Military men and women of Harford County will soon see their service to our country honored on banners to be displayed around downtown Bel Air.

The Bel Air Downtown Alliance is teaming up with the Historical Society of Harford County for a Veterans Day observance, which will be held Nov. 10 and 11 at the Bel Air Reckord Armory on Main Street.


Included in the observance will be the county's first Hometown Heroes Banner Program.

The banners, which are a tribute to veterans and to those currently serving, will be sponsored by family, friends and businesses who want to honor the military people in their lives.

Each banner, which will be 24 inches wide and 44 inches tall, will have the service member's photo, branch of service, era of service and the sponsor's name. All will hang from lampposts in downtown Bel Air from mid-October through Thanksgiving. Afterward, the banners will be moved to the armory and other locations to be put on display.

"We wanted to do something Downtown to help with that celebration with Veterans Day," Scott Walker, executive director of the Downtown Alliance, said.

Walker said the idea originated from a similar program Toni McCracken, owner of Tiger Lily and a member of the Alliance's design committee, saw in her hometown of Williamsport, Pa.

"On a visit to see family and friends almost a year ago now, coming into the city of Williamsport I noticed banners hanging on every post going into town," McCracken wrote in an email. "The next day when I could see them in the daylight, I noticed they were all banners with military 'heroes' on them. I then noticed they were not only on this entrance, but throughout the main streets of the town."

Thinking that the same kind of banners would be a great thing to have in Bel Air. McCracken took a photograph of the banners and sent it to the other members of the design committee, who also loved the idea.

After going back to Williamsport, McCracken asked around about the program.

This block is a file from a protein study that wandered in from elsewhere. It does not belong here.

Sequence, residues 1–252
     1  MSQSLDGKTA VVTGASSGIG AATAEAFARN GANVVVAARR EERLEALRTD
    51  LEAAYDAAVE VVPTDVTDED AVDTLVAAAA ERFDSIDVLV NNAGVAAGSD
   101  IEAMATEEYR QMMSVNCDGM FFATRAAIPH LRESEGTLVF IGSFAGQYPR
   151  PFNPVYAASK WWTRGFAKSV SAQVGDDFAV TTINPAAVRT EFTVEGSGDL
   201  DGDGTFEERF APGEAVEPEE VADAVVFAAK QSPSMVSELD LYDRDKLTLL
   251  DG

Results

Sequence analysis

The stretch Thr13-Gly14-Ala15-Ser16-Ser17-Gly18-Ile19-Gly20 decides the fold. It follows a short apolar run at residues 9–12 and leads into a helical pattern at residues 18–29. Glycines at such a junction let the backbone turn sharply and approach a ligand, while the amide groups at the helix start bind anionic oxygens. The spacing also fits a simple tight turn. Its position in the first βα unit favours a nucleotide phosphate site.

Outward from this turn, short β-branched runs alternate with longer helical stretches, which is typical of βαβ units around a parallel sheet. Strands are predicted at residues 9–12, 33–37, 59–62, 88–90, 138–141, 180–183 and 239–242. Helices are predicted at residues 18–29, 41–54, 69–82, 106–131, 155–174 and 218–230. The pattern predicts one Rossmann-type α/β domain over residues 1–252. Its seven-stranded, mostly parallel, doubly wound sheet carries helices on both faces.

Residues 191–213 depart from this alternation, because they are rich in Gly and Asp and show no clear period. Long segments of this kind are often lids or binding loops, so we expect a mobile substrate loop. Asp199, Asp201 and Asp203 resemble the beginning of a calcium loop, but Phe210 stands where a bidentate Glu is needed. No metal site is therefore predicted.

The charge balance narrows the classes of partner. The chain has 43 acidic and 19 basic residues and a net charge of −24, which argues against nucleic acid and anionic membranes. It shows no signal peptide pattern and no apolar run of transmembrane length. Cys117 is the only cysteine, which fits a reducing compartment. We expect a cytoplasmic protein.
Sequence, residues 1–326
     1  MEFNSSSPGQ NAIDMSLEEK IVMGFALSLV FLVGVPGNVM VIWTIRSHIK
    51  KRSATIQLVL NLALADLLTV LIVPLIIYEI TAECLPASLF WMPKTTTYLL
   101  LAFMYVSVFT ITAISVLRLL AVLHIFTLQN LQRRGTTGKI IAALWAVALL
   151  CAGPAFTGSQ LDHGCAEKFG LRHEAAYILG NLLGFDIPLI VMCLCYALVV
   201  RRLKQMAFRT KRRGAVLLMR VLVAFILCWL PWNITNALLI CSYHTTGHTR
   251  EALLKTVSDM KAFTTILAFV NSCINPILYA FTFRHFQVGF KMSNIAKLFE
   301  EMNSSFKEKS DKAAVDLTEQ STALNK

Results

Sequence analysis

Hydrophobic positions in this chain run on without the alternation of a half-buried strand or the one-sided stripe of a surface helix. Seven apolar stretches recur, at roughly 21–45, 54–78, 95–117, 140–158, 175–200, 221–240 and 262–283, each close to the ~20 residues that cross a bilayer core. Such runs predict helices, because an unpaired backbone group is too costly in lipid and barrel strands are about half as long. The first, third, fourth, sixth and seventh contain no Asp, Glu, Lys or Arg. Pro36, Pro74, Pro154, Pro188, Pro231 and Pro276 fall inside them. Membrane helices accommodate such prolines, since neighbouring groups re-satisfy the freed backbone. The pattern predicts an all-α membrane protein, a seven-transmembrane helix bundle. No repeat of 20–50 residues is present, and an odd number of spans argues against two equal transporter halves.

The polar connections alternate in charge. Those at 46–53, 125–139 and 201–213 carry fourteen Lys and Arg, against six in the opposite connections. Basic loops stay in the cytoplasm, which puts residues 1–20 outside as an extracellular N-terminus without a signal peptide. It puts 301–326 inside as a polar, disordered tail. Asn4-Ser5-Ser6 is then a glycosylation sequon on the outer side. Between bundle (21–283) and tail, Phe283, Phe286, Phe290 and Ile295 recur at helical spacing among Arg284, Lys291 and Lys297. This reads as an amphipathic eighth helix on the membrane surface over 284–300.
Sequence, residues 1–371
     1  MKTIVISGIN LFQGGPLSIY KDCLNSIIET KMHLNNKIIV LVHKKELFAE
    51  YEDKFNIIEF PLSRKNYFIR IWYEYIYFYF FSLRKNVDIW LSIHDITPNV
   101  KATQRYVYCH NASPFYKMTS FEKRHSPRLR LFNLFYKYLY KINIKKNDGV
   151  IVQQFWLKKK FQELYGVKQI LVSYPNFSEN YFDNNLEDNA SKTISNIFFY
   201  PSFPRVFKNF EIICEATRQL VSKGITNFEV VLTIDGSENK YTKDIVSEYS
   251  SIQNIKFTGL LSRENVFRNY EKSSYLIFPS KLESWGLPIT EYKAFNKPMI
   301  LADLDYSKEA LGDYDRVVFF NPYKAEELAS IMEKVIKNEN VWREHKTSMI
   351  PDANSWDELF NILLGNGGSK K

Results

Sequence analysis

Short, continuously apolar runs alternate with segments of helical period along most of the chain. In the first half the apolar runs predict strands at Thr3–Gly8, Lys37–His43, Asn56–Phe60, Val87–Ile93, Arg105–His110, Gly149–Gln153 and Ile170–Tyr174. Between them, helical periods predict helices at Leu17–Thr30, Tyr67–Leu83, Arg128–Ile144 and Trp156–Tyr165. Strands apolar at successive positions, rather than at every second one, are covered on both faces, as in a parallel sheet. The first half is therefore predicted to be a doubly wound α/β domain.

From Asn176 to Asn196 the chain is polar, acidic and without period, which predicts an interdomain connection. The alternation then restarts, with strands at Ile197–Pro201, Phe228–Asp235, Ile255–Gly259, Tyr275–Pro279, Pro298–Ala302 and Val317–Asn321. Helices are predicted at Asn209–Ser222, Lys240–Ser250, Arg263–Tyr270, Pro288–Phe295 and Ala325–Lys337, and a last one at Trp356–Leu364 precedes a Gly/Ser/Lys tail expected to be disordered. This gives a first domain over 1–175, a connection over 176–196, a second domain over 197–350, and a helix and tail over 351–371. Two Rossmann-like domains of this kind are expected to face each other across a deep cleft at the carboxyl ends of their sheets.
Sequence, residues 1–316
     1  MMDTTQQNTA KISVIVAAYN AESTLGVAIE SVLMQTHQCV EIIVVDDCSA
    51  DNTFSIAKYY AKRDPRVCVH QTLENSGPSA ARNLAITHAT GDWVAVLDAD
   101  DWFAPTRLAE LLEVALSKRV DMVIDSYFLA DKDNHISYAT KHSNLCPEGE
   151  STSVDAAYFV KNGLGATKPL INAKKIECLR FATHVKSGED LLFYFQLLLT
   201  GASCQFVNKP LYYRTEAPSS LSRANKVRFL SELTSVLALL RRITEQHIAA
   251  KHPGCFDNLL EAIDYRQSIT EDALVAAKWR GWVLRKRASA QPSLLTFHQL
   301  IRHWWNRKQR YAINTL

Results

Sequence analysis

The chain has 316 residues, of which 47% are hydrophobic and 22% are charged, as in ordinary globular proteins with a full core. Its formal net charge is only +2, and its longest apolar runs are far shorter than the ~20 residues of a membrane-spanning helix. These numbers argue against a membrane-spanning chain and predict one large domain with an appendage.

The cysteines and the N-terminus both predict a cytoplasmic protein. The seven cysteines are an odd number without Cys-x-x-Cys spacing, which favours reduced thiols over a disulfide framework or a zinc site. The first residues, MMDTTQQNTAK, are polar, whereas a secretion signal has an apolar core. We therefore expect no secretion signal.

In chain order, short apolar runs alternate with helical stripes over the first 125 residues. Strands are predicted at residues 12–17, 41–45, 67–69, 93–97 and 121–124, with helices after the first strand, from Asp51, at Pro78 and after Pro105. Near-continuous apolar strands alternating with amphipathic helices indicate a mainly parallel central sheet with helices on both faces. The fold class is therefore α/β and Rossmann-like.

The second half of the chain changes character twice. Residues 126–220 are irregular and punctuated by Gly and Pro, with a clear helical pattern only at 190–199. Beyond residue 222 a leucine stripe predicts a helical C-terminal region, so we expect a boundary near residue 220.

"I learned it was a sponsorship that allows programs to bring awareness and education to kids about drugs and alcohol abuse," she said. "They told me at first they never thought it would take off the way it did with the sponsorship being $200 in a [period] of lean times for so many."

The town was surprised with how well the program did and now has a waiting list of people wanting to honor their heroes.

Instead of proceeds going to education about drugs and alcohol abuse, Bel Air's sponsorship program will benefit the Marine Corps Reserve's Toys for Tots program.

"I believe anything like this that has such good cause and can bring a community together is wonderful. I trust we can be the next community to see these banners on our main streets of Bel Air!" McCracken wrote.

Walker says "a dozen or so people" have already expressed interest in sponsoring a banner, but they're hoping for many more. Because of this, the Downtown Alliance is extending its original deadline of Oct. 7 to an unknown date at this time. Walker says this is so they can send out all the banners at the same time to be made instead of a few at a time.

From the $200 sponsorship fee, about 60 percent goes toward the actual production of the banner, Walker said. From the remaining 40 percent, Toys for Tots will receive what is left after expenses incurred for a planned Bel Air Veterans Day parade and by the Historical Society and the Downtown Alliance.


To learn more about sponsoring a banner, visit or call 443-823-1797.